For some countries – cold, windy ones like England – wind power appears to offer the best opportunity for displacing GHG-emitting electricity generation. In most developed countries renewable electricity generation from hydro is “tapped out” – i.e., there is no opportunity for developing further hydroelectric power.
There’s a lot of confusion about wind power. Some of this we looked at briefly in earlier articles.
Nameplate & Actual
The nameplate is not what anyone (involved in the project) is expecting to get out of it.
So if you buy “10GW” of wind farms you aren’t expecting 10 GW x 8,760 (thanks to DeWitt Payne for updating me on how many hours there are in a year) = 87.6 TWh of annual electricity generation. Depending on the country, the location, the turbines and turbine height you will get an “average utilization”. In the UK that might be something like 30%, or even a little higher. So for 10GW of wind farms – everyone (involved in the project) is expecting something like 26 TWh of annual electricity generation (10 x 8760 x 0.3 / 1000).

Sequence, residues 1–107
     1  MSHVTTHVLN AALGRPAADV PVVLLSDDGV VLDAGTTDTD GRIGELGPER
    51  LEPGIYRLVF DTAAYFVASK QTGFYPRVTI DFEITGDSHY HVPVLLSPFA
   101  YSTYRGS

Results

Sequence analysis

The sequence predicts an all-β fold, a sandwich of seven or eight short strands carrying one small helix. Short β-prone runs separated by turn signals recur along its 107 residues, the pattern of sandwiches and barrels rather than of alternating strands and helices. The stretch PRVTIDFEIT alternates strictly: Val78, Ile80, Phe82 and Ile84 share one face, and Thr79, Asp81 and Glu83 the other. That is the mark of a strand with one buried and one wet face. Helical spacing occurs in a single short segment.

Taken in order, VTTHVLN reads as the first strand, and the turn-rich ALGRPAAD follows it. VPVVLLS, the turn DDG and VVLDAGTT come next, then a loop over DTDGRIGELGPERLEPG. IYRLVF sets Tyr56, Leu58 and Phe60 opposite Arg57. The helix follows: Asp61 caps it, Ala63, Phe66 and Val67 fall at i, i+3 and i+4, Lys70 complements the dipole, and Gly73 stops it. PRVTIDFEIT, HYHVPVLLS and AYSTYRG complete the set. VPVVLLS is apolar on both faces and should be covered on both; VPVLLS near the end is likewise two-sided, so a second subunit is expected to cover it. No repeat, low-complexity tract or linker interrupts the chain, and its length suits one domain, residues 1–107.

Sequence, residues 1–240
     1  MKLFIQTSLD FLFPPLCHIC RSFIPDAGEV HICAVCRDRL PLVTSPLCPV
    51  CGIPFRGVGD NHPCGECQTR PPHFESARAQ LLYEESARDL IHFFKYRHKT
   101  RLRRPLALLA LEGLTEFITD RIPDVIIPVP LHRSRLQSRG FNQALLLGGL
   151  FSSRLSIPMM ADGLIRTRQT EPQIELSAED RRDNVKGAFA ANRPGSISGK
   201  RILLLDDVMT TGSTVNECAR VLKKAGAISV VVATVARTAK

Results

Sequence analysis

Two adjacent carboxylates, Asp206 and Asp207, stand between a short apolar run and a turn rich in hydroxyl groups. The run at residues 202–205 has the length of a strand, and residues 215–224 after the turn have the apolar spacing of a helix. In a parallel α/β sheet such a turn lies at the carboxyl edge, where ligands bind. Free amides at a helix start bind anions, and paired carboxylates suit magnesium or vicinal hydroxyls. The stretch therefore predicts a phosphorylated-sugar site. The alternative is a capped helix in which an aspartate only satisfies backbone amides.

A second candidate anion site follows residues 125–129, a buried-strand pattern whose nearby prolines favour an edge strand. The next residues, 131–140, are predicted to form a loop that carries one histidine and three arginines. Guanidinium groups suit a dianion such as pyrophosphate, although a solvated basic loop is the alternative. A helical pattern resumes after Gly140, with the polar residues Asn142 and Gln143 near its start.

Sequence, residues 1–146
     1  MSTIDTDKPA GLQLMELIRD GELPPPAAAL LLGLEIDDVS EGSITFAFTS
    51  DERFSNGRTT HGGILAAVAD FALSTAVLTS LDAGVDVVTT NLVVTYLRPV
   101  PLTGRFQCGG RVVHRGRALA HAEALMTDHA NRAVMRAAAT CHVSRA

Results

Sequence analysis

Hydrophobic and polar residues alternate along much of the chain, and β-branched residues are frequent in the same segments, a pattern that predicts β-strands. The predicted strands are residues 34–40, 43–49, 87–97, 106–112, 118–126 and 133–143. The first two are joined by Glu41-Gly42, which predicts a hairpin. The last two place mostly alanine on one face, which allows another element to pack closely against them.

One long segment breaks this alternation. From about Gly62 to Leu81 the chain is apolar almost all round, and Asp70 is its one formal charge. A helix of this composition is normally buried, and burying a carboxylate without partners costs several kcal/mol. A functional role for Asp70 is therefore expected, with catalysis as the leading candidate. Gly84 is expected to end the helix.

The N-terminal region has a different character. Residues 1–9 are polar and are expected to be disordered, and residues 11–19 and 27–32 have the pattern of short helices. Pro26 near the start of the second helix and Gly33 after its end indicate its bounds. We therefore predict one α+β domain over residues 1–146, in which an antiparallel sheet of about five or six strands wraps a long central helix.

We could say, on average the wind farm will produce 3GW of power. That’s just another way of writing 26 TWh annually. So 10GW of nameplate wind power does not need “10 GW of backup” or “7 GW of backup”. Does it need “3GW of backup”? Let’s look at capacity credit.